The reference to chemotherapy hit me like a boulder. As I started to lose it, Mark began to compose himself. It was as if we passed off the strength baton.

This was the moment we were welcomed into the family we never wanted to be a part of.

Immediately after Mila’s diagnosis, Ava popped into my mind. Was this her impending doom? Would she get cancer now? Or after Mila finished her treatment? Years down the road, would we hit the repeat button? We needed to know if this disease was genetic, because our twins are identical.

Our worries were laid to rest later when a genetic test proved that this cancer did not develop from a genetic strand. Ava as well as Presley, had as slim a chance of developing cancer as any other healthy child. The other silver lining of this diagnosis was a recent study that confirmed that a six-month treatment would be just as effective as a year-long one. Just like that, Mila was halfway through.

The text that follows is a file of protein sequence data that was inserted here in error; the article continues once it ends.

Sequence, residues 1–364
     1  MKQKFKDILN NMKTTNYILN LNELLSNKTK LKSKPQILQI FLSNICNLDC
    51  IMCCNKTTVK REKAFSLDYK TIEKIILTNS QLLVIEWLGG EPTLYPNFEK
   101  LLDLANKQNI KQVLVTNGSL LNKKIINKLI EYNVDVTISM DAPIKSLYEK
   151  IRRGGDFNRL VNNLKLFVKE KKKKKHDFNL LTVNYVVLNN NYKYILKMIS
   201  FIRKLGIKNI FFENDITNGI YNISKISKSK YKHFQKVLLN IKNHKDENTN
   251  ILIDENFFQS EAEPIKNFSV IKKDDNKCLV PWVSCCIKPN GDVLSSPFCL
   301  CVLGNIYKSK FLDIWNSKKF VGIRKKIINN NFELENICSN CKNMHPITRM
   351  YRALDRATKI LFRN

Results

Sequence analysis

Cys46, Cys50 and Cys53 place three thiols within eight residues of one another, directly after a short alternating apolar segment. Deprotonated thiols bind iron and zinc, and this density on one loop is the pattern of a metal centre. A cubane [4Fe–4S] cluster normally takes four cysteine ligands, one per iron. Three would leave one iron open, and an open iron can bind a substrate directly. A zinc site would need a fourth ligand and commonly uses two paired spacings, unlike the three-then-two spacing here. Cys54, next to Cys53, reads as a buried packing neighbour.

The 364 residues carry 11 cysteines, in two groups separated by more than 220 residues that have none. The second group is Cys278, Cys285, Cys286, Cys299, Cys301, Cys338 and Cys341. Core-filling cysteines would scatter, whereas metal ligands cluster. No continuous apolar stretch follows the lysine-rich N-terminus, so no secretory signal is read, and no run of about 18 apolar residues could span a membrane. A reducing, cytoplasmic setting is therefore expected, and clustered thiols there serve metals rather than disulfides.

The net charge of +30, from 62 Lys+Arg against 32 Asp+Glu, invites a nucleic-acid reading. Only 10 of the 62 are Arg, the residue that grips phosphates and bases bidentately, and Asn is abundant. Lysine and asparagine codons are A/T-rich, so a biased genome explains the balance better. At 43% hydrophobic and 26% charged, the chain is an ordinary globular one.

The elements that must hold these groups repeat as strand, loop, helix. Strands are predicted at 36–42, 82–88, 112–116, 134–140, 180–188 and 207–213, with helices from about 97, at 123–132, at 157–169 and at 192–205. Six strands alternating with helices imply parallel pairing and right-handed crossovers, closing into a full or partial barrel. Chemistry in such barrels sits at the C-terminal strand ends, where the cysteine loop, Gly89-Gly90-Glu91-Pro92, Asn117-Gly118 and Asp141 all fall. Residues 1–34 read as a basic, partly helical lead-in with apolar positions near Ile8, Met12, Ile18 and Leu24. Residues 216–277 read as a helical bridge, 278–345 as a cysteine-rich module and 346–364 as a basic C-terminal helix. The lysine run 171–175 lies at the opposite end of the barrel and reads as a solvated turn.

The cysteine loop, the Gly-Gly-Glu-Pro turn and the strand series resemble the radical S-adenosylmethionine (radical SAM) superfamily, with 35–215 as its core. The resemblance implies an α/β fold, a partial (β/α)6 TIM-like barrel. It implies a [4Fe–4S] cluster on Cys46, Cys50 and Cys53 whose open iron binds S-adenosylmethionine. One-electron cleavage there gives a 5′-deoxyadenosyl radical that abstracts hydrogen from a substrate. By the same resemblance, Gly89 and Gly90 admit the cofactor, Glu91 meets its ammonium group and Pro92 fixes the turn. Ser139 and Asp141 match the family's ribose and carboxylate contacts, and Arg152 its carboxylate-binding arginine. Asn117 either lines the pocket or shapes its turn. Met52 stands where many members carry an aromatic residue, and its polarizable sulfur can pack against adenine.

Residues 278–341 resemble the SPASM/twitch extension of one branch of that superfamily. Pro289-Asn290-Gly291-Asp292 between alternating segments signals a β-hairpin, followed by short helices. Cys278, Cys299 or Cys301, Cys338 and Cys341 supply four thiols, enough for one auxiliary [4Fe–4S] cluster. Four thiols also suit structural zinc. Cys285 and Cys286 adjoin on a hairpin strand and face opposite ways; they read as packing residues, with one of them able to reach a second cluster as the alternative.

After a successful surgery, Mila began her journey of weekly chemotherapy. It was the first time she and her twin had been separated for several days. Ava spent the day with her grandmother and Mila received sole attention from me. They both loved the one-on-one time. However, the moment we walked in the door on Wednesday evenings, they ran to each other and commemorated the reunion with joyful squeals.